Kris Davis - Duopoly


Kris Davis: piano; Bill Frisell: guitar; Julian Lage: guitar; Tim Berne: alto saxophone; Don Byron: clarinet; Craig Taborn: piano; Angelica Sanchez: piano; Billy Drummond: drums; Marcus Gilmore: drums.

Kris Davis is a forward-thinker Canadian pianist and composer who has combined innovation and sophistication in the modern music universe. Displaying an uncompromising style and unique musical trademarks, Davis is a confessed adept of exquisite linear notes in detriment of traditional chords.
Her new album, Duopoly, is a fantastic follow-up to the well-accepted Save Your Breath, gathering eight irreverent improvisers – guitarists Bill Frisell and Julian Lage, pianists Craig Taborn and Angelica Sanchez, drummers Billy Drummond and Marcus Gilmore, and reedists Tim Berne and Don Byron - with whom she plays two duets each. The tracks' alignment obeys to some rules, in a sort of mirror distribution. The first eight pieces are written material while the last eight, adopting the names of the guest musicians as titles, are totally improvised.

The guitarists are responsible for the most enjoyable pieces. In “Prairie Eyes”, the unmatchable Bill Frisell knocks us out with his typical folk-jazz approach. His alluring sound comes from the eccentricity of the chords and the incredible choice of notes. Davis’ flowing left-hand ostinato is an essential key for this cinematic merge of mystery and beauty. And what a dark lyricism they create!
Collaborating with the pianist for the very first time, Julian Lage excels in a different way, playing his acoustic 1939 Martin in “Surf Curl”. He does it with mastery and intelligence, taking advantage of Davis’ rhythmic stimulus.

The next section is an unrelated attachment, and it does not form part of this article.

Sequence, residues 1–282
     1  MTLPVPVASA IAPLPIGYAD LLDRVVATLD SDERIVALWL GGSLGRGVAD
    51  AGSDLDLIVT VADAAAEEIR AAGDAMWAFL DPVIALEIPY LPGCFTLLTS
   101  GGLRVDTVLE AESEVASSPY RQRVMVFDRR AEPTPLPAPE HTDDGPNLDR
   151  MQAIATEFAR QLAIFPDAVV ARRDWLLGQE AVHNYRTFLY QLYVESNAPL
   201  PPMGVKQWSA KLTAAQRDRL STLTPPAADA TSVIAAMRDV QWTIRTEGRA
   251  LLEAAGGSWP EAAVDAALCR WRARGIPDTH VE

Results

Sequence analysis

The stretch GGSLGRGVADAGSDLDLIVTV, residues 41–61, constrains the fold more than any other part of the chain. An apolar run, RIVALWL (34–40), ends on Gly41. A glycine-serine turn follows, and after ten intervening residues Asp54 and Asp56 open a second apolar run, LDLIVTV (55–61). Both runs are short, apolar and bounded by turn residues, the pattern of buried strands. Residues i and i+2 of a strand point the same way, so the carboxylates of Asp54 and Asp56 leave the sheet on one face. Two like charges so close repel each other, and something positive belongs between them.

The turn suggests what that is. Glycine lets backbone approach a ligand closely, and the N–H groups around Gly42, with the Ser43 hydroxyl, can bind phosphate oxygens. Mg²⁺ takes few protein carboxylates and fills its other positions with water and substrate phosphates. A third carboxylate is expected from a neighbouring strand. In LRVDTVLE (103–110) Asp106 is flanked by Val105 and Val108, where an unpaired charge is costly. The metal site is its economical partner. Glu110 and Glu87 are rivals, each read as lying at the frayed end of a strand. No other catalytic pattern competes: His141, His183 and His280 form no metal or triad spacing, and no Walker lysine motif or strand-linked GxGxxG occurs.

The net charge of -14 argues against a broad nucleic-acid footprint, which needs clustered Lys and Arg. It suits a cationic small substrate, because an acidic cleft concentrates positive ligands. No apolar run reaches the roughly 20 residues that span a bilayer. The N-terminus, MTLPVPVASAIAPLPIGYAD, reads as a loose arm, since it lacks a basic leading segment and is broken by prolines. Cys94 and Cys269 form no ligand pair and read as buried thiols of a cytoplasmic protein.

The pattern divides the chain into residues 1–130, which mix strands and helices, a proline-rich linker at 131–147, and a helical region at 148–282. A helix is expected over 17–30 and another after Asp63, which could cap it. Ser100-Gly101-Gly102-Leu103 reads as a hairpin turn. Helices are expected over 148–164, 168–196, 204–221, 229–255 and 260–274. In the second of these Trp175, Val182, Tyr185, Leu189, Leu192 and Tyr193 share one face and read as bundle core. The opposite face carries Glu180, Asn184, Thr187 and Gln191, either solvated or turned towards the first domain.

Two pianos being played simultaneously can be weird and we have that sensation from time to time when listening to the creative soundscapes of the nebulous “Fox Fire”, which makes us ask the question: are Davis and Taborn twin pianists? Not really, but their lines of vision are full of intersections. “Beneath the Leaves”, composed and co-performed by Angelica Sanchez, compresses classical, avant-garde, and flamenco sketches into the same recipient.

Now, the drummers! Billy Drummond is featured in “Eronel”, a cool piece that Monk co-wrote. Responsive and classy, Drummond manages to find the best way to accompany Davis’ textural rambles. 
Eric McPherson’s skittish drumming creates unrestrained steam in “Dig & Dump”.

Pushing the limits of compulsiveness, “Trip Dance for Tim” invites the irreverence of Tim Berne, who neither curbs nor shies away when manipulating extended techniques to thrill. The almost unrecognizable rendition of Duke Ellington’s “Prelude to a Kiss”, apart from some dispersion, infuses an attractive romanticism.
From the improvised pieces, which still follow a logic structure, I was particularly impressed with “Tim Berne” and “Julian Lage”.